Yes, I do that too, and probably most of American women struggling with weight gain also let their self esteem plummet as the scale number rises, but Oprah has resources at her fingertips to get help whenever she wishes. So, I also considered that her gaining weight was a sign she was finally happy, had really learned to love and accept herself, but I was wrong.

Oprah would probably say taking care of yourself is the best sign of self-love and letting your weight go up, up, and awaaaaay, is not one of the signs of being all right with you. We know that Oprah's heavy with self-enlightenment advice.

Since we've gone down this road with Oprah before, I can't help but feel that she's using her weight struggle to sell magazines and boost ratings. The New Year, after all, is the time when people are most interested in weight loss. Is it possible she'll kill two birds with one stone, draw viewers and take off pounds too.

Despite my suspicions, I decided to track of how she drops weight because if she can do it maybe I can as well. Maybe she'll use her money to unlock the secret of skinniness, and I can use her for not only inspiration but also education. However, today, I saw her ads for the New Year with Dr. Oz and weight loss strategies. I also heard that she'll be hitting the gym for one hour per day. One hour every day of the week?

Wait! I can't do that. I work 10-hour days sometimes. I have obligations to offspring. I don't have a trainer to push me. The more I think on it, the more I think I may turn Oprah off and go my own way with weight loss. She's stressing me out, and you know that stress also triggers weight gain. Do I need Oprah stressing me out with her charts and impractical goals that fit her lifestyle but not mine?

Oprah expects us to learn from her and say, "See! Even Oprah struggles and is embarrassed by her weight too. She's only human like us."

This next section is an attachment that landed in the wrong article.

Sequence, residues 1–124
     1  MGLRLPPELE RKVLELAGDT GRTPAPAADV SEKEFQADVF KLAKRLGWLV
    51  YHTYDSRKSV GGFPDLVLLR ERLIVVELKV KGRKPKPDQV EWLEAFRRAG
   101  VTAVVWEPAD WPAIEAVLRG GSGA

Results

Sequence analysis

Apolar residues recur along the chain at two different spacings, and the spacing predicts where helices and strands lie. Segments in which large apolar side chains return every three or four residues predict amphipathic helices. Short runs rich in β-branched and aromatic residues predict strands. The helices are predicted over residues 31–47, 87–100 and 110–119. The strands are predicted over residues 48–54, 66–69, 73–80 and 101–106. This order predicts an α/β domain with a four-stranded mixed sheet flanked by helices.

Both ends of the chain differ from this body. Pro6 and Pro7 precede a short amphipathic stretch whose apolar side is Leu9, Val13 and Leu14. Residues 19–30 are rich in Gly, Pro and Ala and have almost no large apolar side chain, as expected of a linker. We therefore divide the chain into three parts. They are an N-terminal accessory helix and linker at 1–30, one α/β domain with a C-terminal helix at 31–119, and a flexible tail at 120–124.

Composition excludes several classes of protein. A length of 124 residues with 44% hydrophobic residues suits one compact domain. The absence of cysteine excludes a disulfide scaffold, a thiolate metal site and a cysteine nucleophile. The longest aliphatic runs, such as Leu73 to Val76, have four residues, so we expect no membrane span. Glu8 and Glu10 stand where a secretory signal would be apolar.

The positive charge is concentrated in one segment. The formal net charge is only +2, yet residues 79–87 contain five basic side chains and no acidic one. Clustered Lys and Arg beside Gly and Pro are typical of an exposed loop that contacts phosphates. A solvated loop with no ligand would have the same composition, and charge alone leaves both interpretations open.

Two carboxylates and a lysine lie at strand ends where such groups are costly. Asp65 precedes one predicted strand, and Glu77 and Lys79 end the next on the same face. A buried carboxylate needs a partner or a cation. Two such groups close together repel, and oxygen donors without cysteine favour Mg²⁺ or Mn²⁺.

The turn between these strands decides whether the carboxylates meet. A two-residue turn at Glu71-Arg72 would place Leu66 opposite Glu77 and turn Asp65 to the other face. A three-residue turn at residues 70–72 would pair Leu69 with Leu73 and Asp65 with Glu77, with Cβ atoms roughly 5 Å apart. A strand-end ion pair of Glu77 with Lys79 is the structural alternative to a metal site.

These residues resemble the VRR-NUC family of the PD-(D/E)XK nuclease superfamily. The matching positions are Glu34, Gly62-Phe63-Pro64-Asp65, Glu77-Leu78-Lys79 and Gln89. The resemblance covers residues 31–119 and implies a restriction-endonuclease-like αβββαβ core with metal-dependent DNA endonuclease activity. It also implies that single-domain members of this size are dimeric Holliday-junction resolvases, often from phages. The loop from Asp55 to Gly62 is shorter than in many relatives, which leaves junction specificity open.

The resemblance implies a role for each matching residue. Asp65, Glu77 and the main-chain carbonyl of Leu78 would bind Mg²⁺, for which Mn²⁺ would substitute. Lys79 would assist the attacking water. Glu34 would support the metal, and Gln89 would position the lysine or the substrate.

I knew she was human. So, I think what she's really telling me is that when I've avoided events because I've felt fat, I was right to feel that way, that I should feel horrible when I look in the mirror until I'm a size 3, something I've never been. I should be embarrassed about my body and myself.

No, I can guilt myself just fine without Oprah's help. Yeah, yeah. I know. She doesn't call it guilting us out. She calls it motivating the nation. But, it feels like guilt to me.

Here's a bit of video from CNN, Alaina Cho reporting. It's a mini-history in Oprah's pound see-saw.

And here's more video rehashing Oprah's shame.

1 comment:

lilalia said...

I feel for you. I'm going through similar difficulties. I get the feeling that there is something else going on with our bodies that is not being discussed. If I look at the photos of my grandmother and my mother at my age, there I am in the making. Could it be that living a life of being physically active and conscious eating just isn't enough to change the way my body wants to age? I'm wondering if there is something more primal to weight gain or loss than our silly society wants to explore. In any case, sorry, but I am not going to look to Oprah or even your country for diet tips or how to grow old gracefully. That would be like turning to an alcoholic for tips about living life joyously sober.